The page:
• $\begingroup$ Finding all the rational points on a circle is a lot easier than this, I think, or at least I do it without integration when teaching number theory ;) but I do like the idea of introducing the ring of periods to freshmen. $\endgroup$ – kcrisman Oct 13 '15 at 13:06
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    $\begingroup$ @kcrisman The rational parameterization given by mapping $y$ to the point on the circle connecting $(-1,0)$ to $(0,y)$ is the "tangent half angle substitution". The connections to integration are not needed in a number theory course, but they are there! In fact, classically I believe it was the inability to find such a method for integrals like $\int \frac{1}{\sqrt{x(x-1)(x-\lambda)}} dx$, which lead Riemann to discover his surfaces, and to see that the obstruction was topological (One cannot rationally parameterize a torus)! $\endgroup$ – Steven Gubkin Oct 16 '15 at 4:29
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My first feeling on this is that, although in any given calculus course there might be a reason not to introduce trig substitution, in practice it is still a valuable technique that takes a whole huge class of integrals and "make sense" of them. For instance, to tell whether you have just fed your CAS junk - misplace an $x^2$ by and $x^3$ and it's all over! So rather than being reliant on a black box for all these things with square roots of $x^2$ you at least know why you should expect logs or other such stuff as an answer. I find it hard to believe it's hard to motivate - surely there are many real-life physics integrals which need precisely this technique? Naturally it might not be quite as fun for econ or bio majors.

Myself what I like to do is give some 'greatest hits' of it. But perhaps it's not so useful to spend two very long days of class doing it any more, that is true.

I also have a suspicion (untested) that even the most powerful CASes might have some situations which their pattern-matching does not recognize as a trig substitution where a human might. It would be interesting to see some such examples.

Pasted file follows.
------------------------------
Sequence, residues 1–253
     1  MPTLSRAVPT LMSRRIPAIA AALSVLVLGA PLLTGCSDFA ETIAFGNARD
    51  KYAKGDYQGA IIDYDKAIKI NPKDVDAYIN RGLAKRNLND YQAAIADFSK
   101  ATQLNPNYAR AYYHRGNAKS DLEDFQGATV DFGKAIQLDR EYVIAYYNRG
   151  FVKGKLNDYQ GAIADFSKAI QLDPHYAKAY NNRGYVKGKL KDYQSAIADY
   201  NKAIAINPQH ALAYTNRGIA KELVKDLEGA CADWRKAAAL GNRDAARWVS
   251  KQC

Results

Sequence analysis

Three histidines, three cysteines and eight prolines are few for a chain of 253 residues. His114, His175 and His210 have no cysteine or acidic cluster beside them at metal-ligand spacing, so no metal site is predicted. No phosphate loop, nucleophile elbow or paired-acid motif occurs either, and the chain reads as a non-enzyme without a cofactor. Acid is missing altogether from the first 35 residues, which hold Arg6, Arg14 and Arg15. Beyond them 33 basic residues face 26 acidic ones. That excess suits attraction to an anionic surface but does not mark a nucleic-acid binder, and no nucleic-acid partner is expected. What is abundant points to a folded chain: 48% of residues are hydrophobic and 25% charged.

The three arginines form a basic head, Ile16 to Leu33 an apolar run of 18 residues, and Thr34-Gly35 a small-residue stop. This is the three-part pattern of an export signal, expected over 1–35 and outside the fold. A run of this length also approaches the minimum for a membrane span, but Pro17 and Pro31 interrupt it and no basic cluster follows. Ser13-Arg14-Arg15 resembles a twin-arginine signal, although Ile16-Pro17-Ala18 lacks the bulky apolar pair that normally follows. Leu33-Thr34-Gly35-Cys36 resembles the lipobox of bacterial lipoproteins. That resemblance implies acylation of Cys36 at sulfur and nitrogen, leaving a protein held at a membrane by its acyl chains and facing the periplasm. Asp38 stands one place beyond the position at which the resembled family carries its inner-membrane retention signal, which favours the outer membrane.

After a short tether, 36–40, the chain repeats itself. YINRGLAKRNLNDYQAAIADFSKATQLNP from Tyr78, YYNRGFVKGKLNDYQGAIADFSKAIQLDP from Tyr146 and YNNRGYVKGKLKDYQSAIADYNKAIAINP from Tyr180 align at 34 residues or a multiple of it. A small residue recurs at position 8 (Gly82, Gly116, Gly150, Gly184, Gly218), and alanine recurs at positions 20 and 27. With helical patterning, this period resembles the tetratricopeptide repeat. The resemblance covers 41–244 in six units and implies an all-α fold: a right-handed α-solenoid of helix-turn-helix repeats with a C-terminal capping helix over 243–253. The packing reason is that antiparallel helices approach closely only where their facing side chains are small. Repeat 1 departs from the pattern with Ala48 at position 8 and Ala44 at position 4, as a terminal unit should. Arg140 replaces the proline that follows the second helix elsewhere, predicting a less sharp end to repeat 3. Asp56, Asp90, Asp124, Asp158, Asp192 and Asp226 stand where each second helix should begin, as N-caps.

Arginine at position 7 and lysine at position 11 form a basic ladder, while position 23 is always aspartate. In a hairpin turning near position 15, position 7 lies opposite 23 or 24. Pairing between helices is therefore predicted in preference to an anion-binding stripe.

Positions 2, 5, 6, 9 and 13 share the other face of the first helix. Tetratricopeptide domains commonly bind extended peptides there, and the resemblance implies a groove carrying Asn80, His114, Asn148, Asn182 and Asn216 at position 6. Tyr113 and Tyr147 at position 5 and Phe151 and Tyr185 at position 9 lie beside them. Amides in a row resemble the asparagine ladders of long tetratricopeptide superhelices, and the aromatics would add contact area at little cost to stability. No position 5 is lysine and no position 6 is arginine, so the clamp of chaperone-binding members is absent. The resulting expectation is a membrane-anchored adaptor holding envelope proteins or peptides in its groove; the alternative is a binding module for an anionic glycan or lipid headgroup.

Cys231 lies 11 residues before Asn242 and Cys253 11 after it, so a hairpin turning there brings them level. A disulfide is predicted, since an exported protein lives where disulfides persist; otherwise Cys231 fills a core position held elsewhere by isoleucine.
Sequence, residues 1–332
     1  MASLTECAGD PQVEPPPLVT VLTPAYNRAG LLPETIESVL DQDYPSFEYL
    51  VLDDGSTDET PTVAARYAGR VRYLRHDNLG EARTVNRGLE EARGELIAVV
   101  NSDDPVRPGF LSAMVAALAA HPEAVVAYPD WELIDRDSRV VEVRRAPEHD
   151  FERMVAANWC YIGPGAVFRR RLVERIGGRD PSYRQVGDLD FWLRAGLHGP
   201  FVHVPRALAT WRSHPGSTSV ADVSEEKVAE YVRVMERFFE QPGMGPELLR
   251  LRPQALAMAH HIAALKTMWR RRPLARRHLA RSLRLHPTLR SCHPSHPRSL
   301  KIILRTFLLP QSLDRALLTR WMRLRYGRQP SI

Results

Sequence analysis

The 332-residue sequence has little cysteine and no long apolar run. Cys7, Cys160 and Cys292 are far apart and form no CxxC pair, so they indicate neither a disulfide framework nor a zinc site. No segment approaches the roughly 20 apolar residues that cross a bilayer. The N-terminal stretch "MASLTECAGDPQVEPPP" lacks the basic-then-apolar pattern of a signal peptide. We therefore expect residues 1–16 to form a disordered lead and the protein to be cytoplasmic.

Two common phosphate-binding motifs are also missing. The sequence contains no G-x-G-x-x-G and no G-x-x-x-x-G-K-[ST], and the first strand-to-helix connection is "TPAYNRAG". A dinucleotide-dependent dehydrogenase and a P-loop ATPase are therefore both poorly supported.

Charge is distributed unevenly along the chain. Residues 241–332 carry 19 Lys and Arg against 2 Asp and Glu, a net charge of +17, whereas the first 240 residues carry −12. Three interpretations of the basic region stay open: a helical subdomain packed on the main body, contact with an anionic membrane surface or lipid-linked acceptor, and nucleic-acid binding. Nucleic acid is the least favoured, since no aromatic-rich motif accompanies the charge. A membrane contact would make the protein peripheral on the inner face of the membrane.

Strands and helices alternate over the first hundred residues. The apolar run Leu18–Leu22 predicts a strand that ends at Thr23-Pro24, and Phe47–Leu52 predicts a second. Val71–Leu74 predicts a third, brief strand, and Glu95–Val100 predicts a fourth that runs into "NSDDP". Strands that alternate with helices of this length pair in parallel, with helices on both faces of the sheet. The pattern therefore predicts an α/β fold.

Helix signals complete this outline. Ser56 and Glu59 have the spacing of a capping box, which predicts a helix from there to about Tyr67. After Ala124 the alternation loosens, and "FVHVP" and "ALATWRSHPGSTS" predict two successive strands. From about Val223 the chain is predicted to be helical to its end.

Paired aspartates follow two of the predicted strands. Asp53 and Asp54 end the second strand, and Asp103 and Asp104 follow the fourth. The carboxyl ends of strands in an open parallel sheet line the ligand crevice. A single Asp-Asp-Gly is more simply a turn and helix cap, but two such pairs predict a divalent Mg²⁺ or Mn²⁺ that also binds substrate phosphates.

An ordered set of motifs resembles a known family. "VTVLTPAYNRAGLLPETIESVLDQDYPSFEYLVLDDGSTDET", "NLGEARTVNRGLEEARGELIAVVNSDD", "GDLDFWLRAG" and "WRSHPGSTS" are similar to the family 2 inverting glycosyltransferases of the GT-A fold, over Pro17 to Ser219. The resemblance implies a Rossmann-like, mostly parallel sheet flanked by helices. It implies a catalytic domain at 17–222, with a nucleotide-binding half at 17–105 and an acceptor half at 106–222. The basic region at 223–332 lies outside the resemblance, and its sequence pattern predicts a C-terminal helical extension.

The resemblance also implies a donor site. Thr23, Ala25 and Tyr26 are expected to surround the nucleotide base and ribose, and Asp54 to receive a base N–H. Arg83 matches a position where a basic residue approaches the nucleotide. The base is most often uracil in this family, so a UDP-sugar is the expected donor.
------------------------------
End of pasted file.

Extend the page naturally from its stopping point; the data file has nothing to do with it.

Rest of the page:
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    $\begingroup$ Knowing what sort of thing to expect from a CAS so that you can recognize errors is another good argument in favor. $\endgroup$ – Mike Shulman Oct 4 '15 at 11:49
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    $\begingroup$ On the untested suspicion, see some anecdotes at reddit.com/r/math/comments/2taw1s/…. My contrary suspicion is that a CAS's failure to recognize trig substation is much less likely than a human's failure to recognize or failure to apply it correctly. $\endgroup$ – user173 Oct 4 '15 at 15:52
  • $\begingroup$ Haha! True. Note I said "some situations", not "most" or even "more than a small number". They say that hundreds of errors were discovered in integral tables when the first CASes were developed - I assume this is not just a legend. $\endgroup$ – kcrisman Oct 5 '15 at 12:17
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Yes. We should teach trigonometric substitution. But, I take it a step further, I think we should also teach hyperbolic substitution. With this additional technique the idea of the substitution is much clearer. Also, teach it with confidence. Teach it as if they can all understand it... because they can.

Why do students have trouble with this topic? I submit, the reason is often ignorance of trigonometry. Especially an inability to manipulate basic algebraic identities. Should we face this inequity of their past education in second semester calculus? I think yes. I could throw up my hands in despair and just say they're too far gone, but, I refuse. It's not too late to learn elementary algebra and trigonometry. That is all trig-substitution entails.

Almost any topic we cover in calculus, or algebra for that matter, can be done with a CAS. However, to think that the point of calculus is to solve calculus problems misses the mark. The real reason is that these students (I am not talking about the life-science calculus crowd here, rather those students destined for science-heavy technical majors or math) need to refine their algebra skills. When they rely on a CAS to work around it, they make the course a waste of time. Much like a calculus III student I talked with today who is using a CAS to do his homework, fine, but, I wonder how will the test go?

Basic knowledge of graphs of sine, cosine, tangent etc as well as their values is in short supply with many of this generation. I believe this is in no small way tied to overuse of calculators in the precalculus mathematics. On the other hand, it also tied to the fact that their education has been eviscerated by the removal of more and more topics which we deemed too difficult by "educators". Surely, by now it has been clearly demonstrated that the removal of hard topics from elementary school does not bring us a society of like-educated people. In fact, with lower standards we all get left behind because none of us really know the math anymore. I've seen the texts my colleague used as a child. It's sobering to see how far we've allowed the standards to drop.